My high school age students are often flabbergasted when I tell them that, in college, it is totally normal that several different professors would assign entire books to you to be read in a single week. “I’ve got four books this week” was a common refrain in my undergrad years. Do you read every word of every book? Maybe not. It’s important to be able to sort through huge swaths of information and see what’s important. And it’s an enormous competitive advantage to be able to read really, really fast. There are numerous books on the topic of speed reading; there’s also just practicing more rigorous reading habits where appropriate. There’s the lazy reading we do for fun, the studious reading and re-reading we do of a serious work of literature, and the efficient, rigorous reading we do of a technical manual or textbook. The latter is the most applicable to the majority of careers.

You know what’s useful as a professional blogger and textbook writer? Being faster than everyone, and barely needing to proofread. Doing it right the first time. When I tutor, and we get something right, we’re not done. I say, “Great, let’s do it again. Let’s try to systematize what we just did so next time we won’t have to go through so many steps.” Not coincidentally, this is how I do nearly everything else.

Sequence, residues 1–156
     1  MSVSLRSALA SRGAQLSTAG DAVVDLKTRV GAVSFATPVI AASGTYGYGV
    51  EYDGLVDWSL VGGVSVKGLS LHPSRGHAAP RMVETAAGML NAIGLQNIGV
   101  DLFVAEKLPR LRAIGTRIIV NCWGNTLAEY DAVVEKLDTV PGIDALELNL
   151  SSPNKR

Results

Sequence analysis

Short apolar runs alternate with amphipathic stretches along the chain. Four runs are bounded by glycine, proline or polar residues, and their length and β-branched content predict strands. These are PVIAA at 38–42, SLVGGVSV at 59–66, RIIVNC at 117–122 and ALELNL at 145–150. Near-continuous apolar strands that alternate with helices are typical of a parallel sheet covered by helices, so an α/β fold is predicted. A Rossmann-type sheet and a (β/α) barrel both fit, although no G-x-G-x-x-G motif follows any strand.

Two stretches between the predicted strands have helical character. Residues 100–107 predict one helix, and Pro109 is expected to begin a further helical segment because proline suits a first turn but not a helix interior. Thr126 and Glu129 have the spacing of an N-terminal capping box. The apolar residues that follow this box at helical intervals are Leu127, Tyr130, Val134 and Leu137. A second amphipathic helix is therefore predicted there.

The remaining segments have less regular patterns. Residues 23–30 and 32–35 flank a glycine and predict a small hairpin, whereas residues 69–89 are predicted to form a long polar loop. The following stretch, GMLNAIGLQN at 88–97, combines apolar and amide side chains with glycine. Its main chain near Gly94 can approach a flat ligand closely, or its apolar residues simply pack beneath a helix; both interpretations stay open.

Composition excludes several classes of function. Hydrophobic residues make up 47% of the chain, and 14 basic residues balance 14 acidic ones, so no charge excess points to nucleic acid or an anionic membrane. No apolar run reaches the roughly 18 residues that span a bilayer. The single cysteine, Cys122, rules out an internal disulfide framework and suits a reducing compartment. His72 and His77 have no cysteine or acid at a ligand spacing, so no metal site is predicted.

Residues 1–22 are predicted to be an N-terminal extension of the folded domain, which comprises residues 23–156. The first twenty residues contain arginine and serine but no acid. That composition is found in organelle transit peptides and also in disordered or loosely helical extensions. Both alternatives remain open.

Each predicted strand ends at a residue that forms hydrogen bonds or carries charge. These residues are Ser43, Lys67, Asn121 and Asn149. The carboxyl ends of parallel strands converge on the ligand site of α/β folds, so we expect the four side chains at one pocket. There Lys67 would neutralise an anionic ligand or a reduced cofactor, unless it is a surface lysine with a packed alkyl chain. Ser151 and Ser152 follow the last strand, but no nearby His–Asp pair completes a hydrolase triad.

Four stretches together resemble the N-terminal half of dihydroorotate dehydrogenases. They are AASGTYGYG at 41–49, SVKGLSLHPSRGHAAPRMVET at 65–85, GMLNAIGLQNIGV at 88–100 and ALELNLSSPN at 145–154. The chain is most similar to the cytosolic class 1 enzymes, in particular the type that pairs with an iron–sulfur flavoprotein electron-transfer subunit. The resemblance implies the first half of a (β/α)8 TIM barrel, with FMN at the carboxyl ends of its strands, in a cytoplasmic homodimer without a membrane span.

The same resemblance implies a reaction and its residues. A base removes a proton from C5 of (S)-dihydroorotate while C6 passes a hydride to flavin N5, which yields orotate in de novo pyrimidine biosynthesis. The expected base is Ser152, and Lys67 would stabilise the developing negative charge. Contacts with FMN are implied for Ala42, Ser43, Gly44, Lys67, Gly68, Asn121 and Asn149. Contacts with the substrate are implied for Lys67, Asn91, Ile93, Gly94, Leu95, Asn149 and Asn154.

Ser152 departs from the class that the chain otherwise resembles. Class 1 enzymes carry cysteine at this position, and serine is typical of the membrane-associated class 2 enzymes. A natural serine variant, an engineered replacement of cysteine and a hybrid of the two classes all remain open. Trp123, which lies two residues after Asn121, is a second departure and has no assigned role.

If you’re writing a novel, feel free to take a decade. If you’re doing most of the sorts of things people pay you for, you’re going to need to speed it the hell up.

Here’s a suggestion: whatever your profession is, there are undoubtedly books being published on that topic all the time. Pick up a book you think most of your coworkers haven’t read. Plow through it efficiently — wrap your mind around the table of contents before you start, skip the parts that don’t apply, recognize when what you’re reading is just padding or an anecdote illustrating a point you already get and move on to something more on-point, write in the margins. Then, somewhat casually, write up a report on what you read and email it to your boss. “I was just reading this book on how to do X better and thought I’d share the best points of what I learned in case anyone else is interested.” Give three or so big points with about a paragraph under each. See if that email doesn’t get forwarded to a whole lot of other people, prefaced with some kind of note about this awesome thing you did on your own time. See if others start coming to you for expertise. See if you aren’t presumed to know more than what everyone in the office knows, since you obviously have an intellectual life in your field outside of the office. This is an area in which speedier people know more and it is obvious to everyone.

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  • Lilit Marcus

    I totally read books during spelling tests too! Obviously, I was destined to be a nerdy English major when I grew up.

  • Eileen

    I didn’t read during spelling tests, but I sure as hell wanted to read with the 30 minutes I had left over after I finished the English Language AP essays. (And yes, I still got a good score – a 5 to be specific.) I’m really glad to hear someone saying that sometimes, it DOES matter how quickly you can do things.

  • Veronica

    Interesting post – possibly the best I’ve read from this author.